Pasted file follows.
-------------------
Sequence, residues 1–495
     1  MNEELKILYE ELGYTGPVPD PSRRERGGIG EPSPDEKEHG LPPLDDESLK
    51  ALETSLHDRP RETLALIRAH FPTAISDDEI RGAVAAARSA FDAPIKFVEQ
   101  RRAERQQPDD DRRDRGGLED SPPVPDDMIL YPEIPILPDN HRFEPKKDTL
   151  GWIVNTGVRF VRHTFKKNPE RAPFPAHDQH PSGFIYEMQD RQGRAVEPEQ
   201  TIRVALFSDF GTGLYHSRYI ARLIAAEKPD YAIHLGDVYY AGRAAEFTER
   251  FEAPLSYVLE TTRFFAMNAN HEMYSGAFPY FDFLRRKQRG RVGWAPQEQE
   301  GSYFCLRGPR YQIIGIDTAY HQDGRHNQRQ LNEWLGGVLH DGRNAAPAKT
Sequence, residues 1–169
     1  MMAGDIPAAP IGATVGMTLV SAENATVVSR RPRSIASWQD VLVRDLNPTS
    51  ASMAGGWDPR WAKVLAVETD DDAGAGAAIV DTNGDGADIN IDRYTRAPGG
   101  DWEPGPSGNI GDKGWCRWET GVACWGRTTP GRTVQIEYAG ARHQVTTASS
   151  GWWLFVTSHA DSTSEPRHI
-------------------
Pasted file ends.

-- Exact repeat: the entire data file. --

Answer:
Sequence, residues 1–495
     1  MNEELKILYE ELGYTGPVPD PSRRERGGIG EPSPDEKEHG LPPLDDESLK
    51  ALETSLHDRP RETLALIRAH FPTAISDDEI RGAVAAARSA FDAPIKFVEQ
   101  RRAERQQPDD DRRDRGGLED SPPVPDDMIL YPEIPILPDN HRFEPKKDTL
   151  GWIVNTGVRF VRHTFKKNPE RAPFPAHDQH PSGFIYEMQD RQGRAVEPEQ
   201  TIRVALFSDF GTGLYHSRYI ARLIAAEKPD YAIHLGDVYY AGRAAEFTER
   251  FEAPLSYVLE TTRFFAMNAN HEMYSGAFPY FDFLRRKQRG RVGWAPQEQE
   301  GSYFCLRGPR YQIIGIDTAY HQDGRHNQRQ LNEWLGGVLH DGRNAAPAKT
Sequence, residues 1–169
     1  MMAGDIPAAP IGATVGMTLV SAENATVVSR RPRSIASWQD VLVRDLNPTS
    51  ASMAGGWDPR WAKVLAVETD DDAGAGAAIV DTNGDGADIN IDRYTRAPGG
   101  DWEPGPSGNI GDKGWCRWET GVACWGRTTP GRTVQIEYAG ARHQVTTASS
   151  GWWLFVTSHA DSTSEPRHI